→ Why it matters: The burning of coal is the single largest contributor to climate change, accounting for a third of carbon emissions. Progress is underway – the US has shuttered or announced the retirement of over 65% of coal plants in the last decade, and nearly half of Europe’s coal fleet has been confirmed for retirement in the last five years, according to the updated Bloomberg Global Coal Countdown.
Harnessing the power of culture and data to build resilience: The power of culture to mobilize society takes centre stage at the Resilience Hub at COP26, with the launch of the Coalition for Climate Resilient Investment’s art exhibit and the Climate Heritage Network’s global resilience campaign. The coalition’s Art + Resilience exhibition combines art and data to highlight the climate emergency and its consequences. Attendees at COP can follow the art trail and access interactive climate-related data.
As part of the Race to Resilience, the Climate Heritage Network has committed to gather a community of local governments, cultural institutions and organizations from 200 cities and regions committed to enhanced culture-based actions for resilience and adaptation. By 2030, aims to make 200 million people from vulnerable groups and communities more resilient to climate risks.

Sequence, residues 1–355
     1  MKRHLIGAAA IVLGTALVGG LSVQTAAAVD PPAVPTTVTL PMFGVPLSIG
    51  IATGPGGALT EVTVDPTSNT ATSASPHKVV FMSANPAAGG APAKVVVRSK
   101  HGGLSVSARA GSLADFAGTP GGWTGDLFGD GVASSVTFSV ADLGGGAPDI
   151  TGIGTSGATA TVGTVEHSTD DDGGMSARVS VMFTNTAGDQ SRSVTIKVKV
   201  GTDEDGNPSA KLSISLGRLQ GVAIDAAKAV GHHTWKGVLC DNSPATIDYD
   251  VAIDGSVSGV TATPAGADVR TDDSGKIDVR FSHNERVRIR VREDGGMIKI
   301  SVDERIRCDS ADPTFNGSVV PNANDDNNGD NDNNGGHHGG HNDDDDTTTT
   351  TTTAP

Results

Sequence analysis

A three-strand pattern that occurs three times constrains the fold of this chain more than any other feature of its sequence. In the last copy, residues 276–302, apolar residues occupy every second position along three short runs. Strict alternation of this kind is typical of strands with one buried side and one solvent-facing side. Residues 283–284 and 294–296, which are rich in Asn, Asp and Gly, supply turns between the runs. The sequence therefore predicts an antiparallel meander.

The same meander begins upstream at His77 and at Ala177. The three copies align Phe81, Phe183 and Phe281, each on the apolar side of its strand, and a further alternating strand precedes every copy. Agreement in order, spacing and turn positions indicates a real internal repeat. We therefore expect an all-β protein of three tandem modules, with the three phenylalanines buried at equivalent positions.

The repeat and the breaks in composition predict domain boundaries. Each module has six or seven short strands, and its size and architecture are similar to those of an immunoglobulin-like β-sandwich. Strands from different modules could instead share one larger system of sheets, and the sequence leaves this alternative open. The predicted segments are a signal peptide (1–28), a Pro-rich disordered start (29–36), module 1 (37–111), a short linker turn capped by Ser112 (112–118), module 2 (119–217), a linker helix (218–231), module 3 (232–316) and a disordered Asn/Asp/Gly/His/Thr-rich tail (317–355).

The future of non-state climate action: The UN High-Level Climate Champions welcome UN Secretary-General Antònio Guterres’ statement on Monday highlighting the need for a common understanding of standards for measuring and assessing non-state actor commitments. They look forward to working closely with him and his team to assemble the expert group he announced, as part of the work to drive credible commitments and action from cities, regions, businesses and investors.
The Race to Zero now counts 5,235 businesses, 67 regions, 441 financial institutions, 1,039 educational institutions and 52 healthcare institutions – all committed to halving emissions between 2020 and 2030.
Gonzalo Muñoz, UN High-Level Climate Champions for COP25: “This is the decisive decade – the decade to deliver on the promise of Paris and the prospect of a better, safer, fairer, healthier future for everyone.”
Nigel Topping, UN High-Level Climate Champion for COP26: “To keep 1.5°C alive, we must cut global emissions five times faster than we have over the last decade, which requires transformative action that simultaneously builds resilience, and puts the most vulnerable communities at the heart of the conversation.”